At the Edinburgh Fringe, the F word still looms large: everyone is wondering what could be the next Fleabag.
Sure, there have many other success stories of Fringe talents, but Phoebe Waller-Bridge brought her one-woman show Fleabag to the Fringe in 2013 (soon after she was selected as a Screen International Star of Tomorrow 2014) and has gone on to a major career across the screen industries as an actor, writer and producer.
So the search is on at the 2022 Edinburgh Fringe, which runs August 5-29 and includes comedy, theatre, circus, music, magic, cabaret, drag and some especially weird stuff in between. Now that the Edinburgh International Film Festival (EIFF) has returned to its August slot (after running in June since 2008), there are more synergies being explored between the Fringe and the film festival.
Screen Scotland worked with the Fringe in 2019 for a pilot of its Screen Fringe programme, which helps film and television producers, commissioners and agents engage with the Fringe and discover new talents – and their IP. In the post-pandemic world, and with EIFF now back in August alongside the Edinburgh TV Festival running August 24-26, Screen Fringe was back this year larger than ever, managed by Sophie Ellwood and assisted by Matthew Gray.
Ellwood, who has both a production and agency background, oversaw a number of bespoke activities to connect film and TV experts to the Fringe – networking brunches and drinks and industry talks such as stage-to-screen case studies and pitching advice. Screen Fringe also offered bespoke introductions, suggestions and assistance with ticketing – a huge help because of the overwhelming size of the Fringe programme, which includes a mind-boggling 3,500-plus shows at about 250 venues around the city.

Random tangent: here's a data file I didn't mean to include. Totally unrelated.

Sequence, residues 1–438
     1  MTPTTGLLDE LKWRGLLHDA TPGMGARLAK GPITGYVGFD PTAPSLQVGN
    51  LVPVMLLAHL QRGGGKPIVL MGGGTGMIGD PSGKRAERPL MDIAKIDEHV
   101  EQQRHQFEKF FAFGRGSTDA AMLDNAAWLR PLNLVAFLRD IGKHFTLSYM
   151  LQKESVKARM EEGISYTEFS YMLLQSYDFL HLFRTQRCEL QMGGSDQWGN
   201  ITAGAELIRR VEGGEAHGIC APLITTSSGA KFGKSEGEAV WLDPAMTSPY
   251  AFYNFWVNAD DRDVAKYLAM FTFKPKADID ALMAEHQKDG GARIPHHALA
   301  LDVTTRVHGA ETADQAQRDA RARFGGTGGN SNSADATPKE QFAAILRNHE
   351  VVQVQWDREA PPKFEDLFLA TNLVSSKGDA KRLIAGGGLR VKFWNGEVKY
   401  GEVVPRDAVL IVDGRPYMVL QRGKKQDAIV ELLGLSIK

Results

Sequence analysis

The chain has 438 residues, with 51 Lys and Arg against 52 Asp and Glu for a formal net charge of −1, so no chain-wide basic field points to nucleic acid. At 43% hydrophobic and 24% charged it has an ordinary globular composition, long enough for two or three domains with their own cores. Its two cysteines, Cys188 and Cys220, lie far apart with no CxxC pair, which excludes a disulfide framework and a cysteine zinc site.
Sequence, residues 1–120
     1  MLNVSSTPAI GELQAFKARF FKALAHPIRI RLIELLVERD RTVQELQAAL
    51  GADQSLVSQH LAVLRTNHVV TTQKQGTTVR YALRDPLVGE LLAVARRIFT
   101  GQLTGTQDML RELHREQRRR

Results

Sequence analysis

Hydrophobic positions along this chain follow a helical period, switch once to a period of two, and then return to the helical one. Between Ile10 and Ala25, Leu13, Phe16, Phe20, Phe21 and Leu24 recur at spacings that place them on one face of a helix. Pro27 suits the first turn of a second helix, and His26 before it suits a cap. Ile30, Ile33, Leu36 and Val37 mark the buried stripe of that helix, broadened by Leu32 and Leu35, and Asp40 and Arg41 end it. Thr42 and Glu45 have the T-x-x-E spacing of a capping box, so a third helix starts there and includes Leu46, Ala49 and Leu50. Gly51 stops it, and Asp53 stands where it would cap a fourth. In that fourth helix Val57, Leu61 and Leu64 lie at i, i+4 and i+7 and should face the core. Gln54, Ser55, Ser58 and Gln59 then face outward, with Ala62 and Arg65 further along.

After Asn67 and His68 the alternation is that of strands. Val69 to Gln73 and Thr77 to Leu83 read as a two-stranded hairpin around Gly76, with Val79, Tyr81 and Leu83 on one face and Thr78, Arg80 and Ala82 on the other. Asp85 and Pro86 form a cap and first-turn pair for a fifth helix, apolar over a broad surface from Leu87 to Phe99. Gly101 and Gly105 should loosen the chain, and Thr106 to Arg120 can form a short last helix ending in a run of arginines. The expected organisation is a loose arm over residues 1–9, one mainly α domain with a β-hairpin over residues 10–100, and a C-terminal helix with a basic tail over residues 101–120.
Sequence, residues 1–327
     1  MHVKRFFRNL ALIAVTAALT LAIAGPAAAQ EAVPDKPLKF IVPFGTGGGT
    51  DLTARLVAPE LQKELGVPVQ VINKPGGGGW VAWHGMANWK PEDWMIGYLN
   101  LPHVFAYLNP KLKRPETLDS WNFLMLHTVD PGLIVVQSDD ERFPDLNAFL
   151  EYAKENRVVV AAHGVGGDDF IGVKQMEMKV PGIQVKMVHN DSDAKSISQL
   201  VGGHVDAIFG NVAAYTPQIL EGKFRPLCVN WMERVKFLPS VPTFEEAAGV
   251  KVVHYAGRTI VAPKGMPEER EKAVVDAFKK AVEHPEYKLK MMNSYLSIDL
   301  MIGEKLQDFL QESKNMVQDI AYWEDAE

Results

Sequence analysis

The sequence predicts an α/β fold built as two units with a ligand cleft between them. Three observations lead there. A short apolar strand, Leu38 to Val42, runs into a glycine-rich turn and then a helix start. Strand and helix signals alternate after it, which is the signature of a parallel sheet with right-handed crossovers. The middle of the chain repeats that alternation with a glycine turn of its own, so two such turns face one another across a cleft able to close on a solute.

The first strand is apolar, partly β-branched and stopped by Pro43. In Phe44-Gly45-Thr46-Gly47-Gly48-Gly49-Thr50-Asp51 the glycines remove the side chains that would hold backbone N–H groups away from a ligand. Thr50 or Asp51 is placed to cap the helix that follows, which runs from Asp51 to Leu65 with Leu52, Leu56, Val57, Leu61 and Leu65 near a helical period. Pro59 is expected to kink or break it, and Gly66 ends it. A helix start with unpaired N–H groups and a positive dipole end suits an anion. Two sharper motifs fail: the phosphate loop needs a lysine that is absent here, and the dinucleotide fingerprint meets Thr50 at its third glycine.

The more-than 150 companies registered with Screen Fringe 2022 include Bad Wolf, Kudos, BBC, Netflix, SunnyMarch, Big Talk Productions, Blueprint Pictures, Mubi, AMC, Film4, WME, Sony, FilmNation, HBO, See-Saw Films, Disney, MGM and NBCUniversal.
Ellwood says she’s seeing film and TV commissioners being especially open-minded about future talents to work with: “They’re very interested in working with writers who think outside the box.”
She is also encouraged by the authenticity coming through in Fringe shows, and the range of inclusive voices being championed. There have been a crop of shows about “climate change, disability, immigration and under-represented communities – and a lot of commissioners are looking for that kind of work,” she notes.
Amir Amirsolimani, development editor at Benedict Cumberbatch’s production company SunnyMarch, was up from London for a week to look at new talents across the film festival and Fringe.
“It’s exciting to see an even bigger range of talent at both events,” he says. Amirsolimani thought the curation of the film festival this year was especially strong in terms of “curating interesting voices” thanks to new creative director Kristy Matheson and her team of programmers. He planned to see about five Fringe shows per day while in town, and added, “I’m not defined by genre, I’m looking for performers or writers who have a clear sensibility to them. We’re looking for new, exciting voices.”
While impossible to highlight all the buzzy acts at this year’s Fringe, a few shows and talents that Screen hears industry execs are excited about include: Celya AB, Michael Akadiri, Mary Beth Barone, Kate Barron, Luca Cupani, Jessica Fostekew, Jordan Gray, Liz Kingsman, Yuriko Kotani, Julia Maslin, Atsuko Okatsuka and Chloe Petts.